The in situ proximity ligation assay was performed using a Duolink® In Situ Red Starter Kit for Mouse/Rabbit (DUO92101, Sigma) according to the manufacturer’s instructions. Briefly, cells were seeded onto coverslips and circled with a hydrophobic pen the day before the experiment. After treatment, the cells were fixed, permeabilized, blocked, and then incubated with primary antibodies at 4°C overnight. After washing, the oligonucleotide (Minus and Plus)-conjugated secondary antibodies were added and incubated for another hour at 37°C. Subsequently, cells were washed and incubated with ligation solution for 30 min at 37°C. The ligated nucleotide circles were amplified using polymerase via the addition of amplification solution and incubation for 100 min at 37°C. The slides were washed briefly, and Duolink® In Situ Mounting Medium with DAPI (DUO82040, Sigma) was added to each sample to stain cell nuclei for fluorescence microscopy. The visualized fluorescence spots represented the clusters of protein-protein interactions.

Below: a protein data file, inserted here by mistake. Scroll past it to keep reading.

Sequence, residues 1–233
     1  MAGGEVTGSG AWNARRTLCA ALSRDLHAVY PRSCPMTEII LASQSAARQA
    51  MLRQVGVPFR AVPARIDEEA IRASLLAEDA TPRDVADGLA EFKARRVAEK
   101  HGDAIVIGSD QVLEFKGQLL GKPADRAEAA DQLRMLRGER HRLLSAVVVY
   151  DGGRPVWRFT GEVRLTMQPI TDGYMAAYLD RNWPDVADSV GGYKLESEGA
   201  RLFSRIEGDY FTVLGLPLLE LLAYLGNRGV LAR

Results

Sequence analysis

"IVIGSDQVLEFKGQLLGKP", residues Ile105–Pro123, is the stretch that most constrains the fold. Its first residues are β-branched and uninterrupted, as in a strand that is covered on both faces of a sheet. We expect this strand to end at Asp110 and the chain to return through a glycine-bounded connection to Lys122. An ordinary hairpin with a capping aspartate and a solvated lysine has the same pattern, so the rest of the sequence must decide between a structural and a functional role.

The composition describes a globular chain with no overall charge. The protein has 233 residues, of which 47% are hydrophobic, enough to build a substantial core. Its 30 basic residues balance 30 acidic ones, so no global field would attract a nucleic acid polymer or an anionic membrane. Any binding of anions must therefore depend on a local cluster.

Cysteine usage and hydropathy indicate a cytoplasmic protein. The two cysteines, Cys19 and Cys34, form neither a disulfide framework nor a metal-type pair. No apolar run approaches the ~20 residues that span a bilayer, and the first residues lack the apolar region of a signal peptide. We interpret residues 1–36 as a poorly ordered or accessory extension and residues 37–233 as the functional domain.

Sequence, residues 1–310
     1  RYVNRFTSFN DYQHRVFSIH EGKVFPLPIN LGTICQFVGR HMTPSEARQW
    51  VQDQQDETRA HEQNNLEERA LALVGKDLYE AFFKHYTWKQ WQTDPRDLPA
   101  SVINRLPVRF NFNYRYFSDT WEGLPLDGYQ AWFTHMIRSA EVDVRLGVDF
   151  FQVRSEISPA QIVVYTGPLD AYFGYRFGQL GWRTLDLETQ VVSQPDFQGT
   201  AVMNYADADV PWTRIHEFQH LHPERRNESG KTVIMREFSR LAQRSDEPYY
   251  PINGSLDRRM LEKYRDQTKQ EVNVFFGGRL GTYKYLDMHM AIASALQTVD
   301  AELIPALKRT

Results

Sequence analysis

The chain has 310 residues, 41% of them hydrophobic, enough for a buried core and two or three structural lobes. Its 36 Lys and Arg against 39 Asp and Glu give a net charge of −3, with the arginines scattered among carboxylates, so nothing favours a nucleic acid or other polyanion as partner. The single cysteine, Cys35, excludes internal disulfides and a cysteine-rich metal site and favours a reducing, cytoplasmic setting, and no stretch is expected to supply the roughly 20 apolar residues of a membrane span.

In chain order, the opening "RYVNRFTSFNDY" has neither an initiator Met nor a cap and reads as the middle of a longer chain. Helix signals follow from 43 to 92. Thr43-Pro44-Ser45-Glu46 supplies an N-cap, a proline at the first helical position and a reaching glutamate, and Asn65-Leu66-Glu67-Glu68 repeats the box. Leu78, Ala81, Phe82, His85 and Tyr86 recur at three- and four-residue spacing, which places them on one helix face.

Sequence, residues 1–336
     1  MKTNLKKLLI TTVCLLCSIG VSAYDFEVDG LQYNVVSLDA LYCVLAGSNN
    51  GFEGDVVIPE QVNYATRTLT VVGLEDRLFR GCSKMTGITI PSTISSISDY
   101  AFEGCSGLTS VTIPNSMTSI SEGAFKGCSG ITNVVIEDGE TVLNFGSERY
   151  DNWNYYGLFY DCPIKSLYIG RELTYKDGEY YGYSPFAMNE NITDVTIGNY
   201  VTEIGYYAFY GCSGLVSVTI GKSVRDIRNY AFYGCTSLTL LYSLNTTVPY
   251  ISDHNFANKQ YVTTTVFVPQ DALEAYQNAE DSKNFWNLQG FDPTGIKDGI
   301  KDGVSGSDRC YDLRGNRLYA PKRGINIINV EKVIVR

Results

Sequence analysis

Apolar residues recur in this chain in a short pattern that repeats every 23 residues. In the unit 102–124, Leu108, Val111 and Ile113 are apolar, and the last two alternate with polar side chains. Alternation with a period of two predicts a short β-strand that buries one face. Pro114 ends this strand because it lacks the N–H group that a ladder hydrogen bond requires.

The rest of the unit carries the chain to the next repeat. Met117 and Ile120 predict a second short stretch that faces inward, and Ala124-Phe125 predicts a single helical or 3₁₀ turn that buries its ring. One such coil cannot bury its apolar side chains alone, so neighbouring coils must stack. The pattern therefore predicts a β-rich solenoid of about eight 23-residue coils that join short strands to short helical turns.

This work was supported by grant from Special National International Technology Cooperation of China (2015DFA31490), grant from National Major Sciences research Program of China (973 Program) (No.2013CB910502), grant from National Natural Sciences Foundation of China ( No.81272253 ) and Natural Sciences Foundation of hunan province (2017JJ3496).
CONFLICTS OF INTEREST
The authors declare that they have no competing interests.